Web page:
What's in an enzyme.

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guydarryl
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Re: What's in an enzyme.

Unread post by guydarryl »

please read carefully - you may notice my proposition about "dwell time"
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Daniel Quinn
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Re: What's in an enzyme.

Unread post by Daniel Quinn »

Time, thats your argument.

Enzyme stain removers work in minutes using cold water. Vanish for instance.

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Re: What's in an enzyme.

Unread post by guydarryl »

Vanish uses a peroxide - chemical releases oxygen to break bonds in the stain.
It is not an enzyme.

By the way, I am still interested in where you got your information on "new enzymes"
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Re: What's in an enzyme.

Unread post by Daniel Quinn »

You appear to be under the impression I know what I'm talking about. I'm arguing with you because you implied you did. I was seeing if you did.

You may be right about vanish, but the enzyme stain remover I bought also makes similar claims.

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Re: What's in an enzyme.

Unread post by guydarryl »

Don't worry, I wouldn't make that assumption. I am right about Vanish :grin:

I do have a rough idea about what I talk about - about 15 years R&D in chemical industry, good qualification in analytical Chemistry, 30 years teaching science in secondary school (enzyme activity is taught from KS3).
My first job was carrying out testing of car exhaust catalysts - several years before they became a legal requirement in his country.
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Re: What's in an enzyme.

Unread post by guydarryl »

By the way - about 8 years of my industrial experience was working on PVC research, so I don't buy in to the idea of washing "mould release agent" from new records.
Vinyl for records wasn't my specialism, so treat my view with caution :grin: , but I don't think anything was sprayed on the the stamps to release the vinyl - imagine how much that would slow down the process.
I do seem to remember that stearates were added to the PVC during compounding (they lower melt temperature and viscosity and also help with mould release properties), but I don't think that they would wash off the surface of the vinyl with a few wipes of a wet brush.
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Re: What's in an enzyme.

Unread post by Daniel Quinn »

So this becomes an argument over time.

I have a ultrasonic bath and a vinyl rotator. It cleans 5 lps for 15 minutes at 35 degrees . I postulate that would be sufficient.

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Re: What's in an enzyme.

Unread post by guydarryl »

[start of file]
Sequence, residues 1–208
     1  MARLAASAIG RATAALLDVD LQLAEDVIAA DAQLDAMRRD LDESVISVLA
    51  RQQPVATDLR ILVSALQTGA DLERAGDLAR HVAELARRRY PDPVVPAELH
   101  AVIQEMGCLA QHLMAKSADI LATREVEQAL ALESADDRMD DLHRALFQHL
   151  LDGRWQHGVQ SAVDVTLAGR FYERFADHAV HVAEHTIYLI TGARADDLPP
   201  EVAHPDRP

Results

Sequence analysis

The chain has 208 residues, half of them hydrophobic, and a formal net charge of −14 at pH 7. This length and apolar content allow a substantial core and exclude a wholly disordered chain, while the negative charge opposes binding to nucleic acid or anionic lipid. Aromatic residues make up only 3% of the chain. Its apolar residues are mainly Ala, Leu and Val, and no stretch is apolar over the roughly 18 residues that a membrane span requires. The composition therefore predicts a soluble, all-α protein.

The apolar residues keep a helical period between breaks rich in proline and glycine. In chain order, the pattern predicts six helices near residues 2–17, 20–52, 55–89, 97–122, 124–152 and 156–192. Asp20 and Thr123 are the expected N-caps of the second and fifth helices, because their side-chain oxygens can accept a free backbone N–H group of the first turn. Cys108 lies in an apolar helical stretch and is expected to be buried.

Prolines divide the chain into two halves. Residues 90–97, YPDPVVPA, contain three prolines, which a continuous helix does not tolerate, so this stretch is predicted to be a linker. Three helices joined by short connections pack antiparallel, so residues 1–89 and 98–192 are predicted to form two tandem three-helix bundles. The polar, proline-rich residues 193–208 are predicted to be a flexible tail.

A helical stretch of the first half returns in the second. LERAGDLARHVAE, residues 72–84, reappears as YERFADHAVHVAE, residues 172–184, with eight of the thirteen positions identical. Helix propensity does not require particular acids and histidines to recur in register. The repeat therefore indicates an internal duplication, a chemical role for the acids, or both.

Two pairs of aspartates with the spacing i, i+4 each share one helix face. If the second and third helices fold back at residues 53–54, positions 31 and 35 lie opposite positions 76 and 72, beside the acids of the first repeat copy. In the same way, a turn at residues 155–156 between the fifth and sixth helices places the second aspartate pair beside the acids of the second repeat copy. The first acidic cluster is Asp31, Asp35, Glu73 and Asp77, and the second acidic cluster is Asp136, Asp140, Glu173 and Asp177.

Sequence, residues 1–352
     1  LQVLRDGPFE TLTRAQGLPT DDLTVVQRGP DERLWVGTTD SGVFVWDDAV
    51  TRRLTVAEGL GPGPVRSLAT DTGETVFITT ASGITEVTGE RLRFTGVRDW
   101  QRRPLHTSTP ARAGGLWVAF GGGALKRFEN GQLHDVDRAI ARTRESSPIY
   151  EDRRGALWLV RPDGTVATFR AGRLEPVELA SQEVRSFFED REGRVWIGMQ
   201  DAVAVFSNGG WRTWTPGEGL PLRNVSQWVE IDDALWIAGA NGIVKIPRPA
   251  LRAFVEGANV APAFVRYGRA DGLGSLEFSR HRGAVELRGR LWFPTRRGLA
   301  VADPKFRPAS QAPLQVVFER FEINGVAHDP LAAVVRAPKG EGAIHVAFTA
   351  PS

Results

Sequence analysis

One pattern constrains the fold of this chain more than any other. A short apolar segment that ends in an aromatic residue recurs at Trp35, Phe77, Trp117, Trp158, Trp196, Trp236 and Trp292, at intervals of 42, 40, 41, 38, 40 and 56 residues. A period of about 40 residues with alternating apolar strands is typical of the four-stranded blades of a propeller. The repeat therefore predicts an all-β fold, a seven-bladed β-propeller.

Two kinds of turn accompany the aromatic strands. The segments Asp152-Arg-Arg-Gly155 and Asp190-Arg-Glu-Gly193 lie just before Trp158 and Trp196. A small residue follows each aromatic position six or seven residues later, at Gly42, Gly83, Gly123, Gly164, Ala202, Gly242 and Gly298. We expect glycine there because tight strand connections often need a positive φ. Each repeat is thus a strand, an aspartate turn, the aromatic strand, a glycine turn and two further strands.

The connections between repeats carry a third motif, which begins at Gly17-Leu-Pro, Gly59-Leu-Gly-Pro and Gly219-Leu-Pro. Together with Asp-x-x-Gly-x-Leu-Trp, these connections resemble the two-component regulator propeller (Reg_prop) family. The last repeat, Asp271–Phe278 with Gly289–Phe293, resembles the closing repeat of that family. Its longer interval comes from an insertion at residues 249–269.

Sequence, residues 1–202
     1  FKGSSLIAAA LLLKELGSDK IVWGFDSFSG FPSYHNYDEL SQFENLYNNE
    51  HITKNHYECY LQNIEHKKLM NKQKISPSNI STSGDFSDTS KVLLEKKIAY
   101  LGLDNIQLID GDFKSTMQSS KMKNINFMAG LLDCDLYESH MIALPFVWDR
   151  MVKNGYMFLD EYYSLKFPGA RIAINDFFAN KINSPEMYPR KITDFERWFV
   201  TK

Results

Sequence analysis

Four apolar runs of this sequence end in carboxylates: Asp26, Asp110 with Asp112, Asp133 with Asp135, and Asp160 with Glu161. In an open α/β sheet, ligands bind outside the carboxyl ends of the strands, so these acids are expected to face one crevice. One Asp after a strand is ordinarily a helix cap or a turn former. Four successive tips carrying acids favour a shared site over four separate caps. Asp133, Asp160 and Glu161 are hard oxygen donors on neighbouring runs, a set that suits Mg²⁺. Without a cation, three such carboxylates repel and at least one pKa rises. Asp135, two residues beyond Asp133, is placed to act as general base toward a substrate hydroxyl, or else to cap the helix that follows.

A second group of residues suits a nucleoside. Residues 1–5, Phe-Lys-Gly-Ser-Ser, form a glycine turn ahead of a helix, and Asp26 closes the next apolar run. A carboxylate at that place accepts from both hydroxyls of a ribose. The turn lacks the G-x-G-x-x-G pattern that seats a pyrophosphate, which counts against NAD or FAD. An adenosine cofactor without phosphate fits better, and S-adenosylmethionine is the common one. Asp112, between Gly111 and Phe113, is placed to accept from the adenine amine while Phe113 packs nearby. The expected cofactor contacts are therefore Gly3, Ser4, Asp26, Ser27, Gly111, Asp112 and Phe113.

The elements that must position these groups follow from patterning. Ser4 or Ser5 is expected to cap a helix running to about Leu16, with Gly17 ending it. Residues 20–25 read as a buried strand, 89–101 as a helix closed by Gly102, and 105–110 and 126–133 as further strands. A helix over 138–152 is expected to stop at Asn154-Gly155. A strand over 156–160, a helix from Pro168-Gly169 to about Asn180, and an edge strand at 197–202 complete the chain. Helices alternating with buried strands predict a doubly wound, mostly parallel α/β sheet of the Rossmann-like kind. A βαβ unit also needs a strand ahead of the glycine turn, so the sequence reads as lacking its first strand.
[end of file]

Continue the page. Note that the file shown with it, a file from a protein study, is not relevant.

I like science - smear some butter or margarine (if vegetarian) on your fingers. handle a record to leave finger prints and try different dwell times.
I think that the prints will still be visible after 15 minutes at 35, but give it a go.
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Re: What's in an enzyme.

Unread post by TroutFisher »

Thank you guydarryl for your contribution which has brought interest to this thread and I’ve learnt quite a lot from you.

My personal experience of enzyme cleaners is with L’art du Som. I found it basically ok using an Okki Nokki machine although in my view it did not give a complete clean. From what you say, maybe it was a time exposure thing, the job being done in a household temperature of 20c. I was not convinced the vacuuming process removed everything and maybe some residue was left behind. It certainly left a noisier surface than ‘The Right One’ which I moved onto. Also, L’art du Son is a concentrate which needs to be dissolved. Unused dissolved solution can be stored in the fridge, but after a few weeks, it starts to grow solids within the solution which are hard to shake out when it comes to be used again. Record cleaning, after all is an occasional practice rather than something regularly done.

I have cleaned relatively few records in my ultra-sonic cleaner and I’m still using the cleaning solution supplied with it. I believe, like ‘The Right One’, this is an IPA/distilled water based mix. For me it works better than L’art du Son with best results achieved by 15 minutes at 30 degrees in the USC followed by a good vacuum on the Okki Nokki. I have picked up on the suggestion (elseware) from Vinyl-ant of giving a record a rinse in distilled water prior to the vacuuming. He has found this beneficial although I’ve not yet personally tried it.

Until I am convinced otherwise, my inclination is to stick with the good old IPA/distilled water cleaning solutions which seem to work pretty well.

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Re: What's in an enzyme.

Unread post by guydarryl »

Thanks TroutFisher, very kind.

I think that the idea of using distilled water rinse prior to vacuuming is an excellent one; again I have no experience of washing vinyl (I have tried wood glue and it works well - although messy and nerve wracking :shock: ), but I would have thought that a thorough rinse with distilled would make drip drying and evaporation an option.
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